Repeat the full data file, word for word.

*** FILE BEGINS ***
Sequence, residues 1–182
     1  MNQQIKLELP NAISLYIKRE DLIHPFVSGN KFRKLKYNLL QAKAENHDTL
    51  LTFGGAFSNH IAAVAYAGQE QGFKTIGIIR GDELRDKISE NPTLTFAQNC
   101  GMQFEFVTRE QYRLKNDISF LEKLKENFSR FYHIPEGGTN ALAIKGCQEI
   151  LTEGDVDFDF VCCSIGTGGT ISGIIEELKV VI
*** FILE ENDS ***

Sequence, residues 1–182
     1  MNQQIKLELP NAISLYIKRE DLIHPFVSGN KFRKLKYNLL QAKAENHDTL
    51  LTFGGAFSNH IAAVAYAGQE QGFKTIGIIR GDELRDKISE NPTLTFAQNC
   101  GMQFEFVTRE QYRLKNDISF LEKLKENFSR FYHIPEGGTN ALAIKGCQEI
   151  LTEGDVDFDF VCCSIGTGGT ISGIIEELKV VI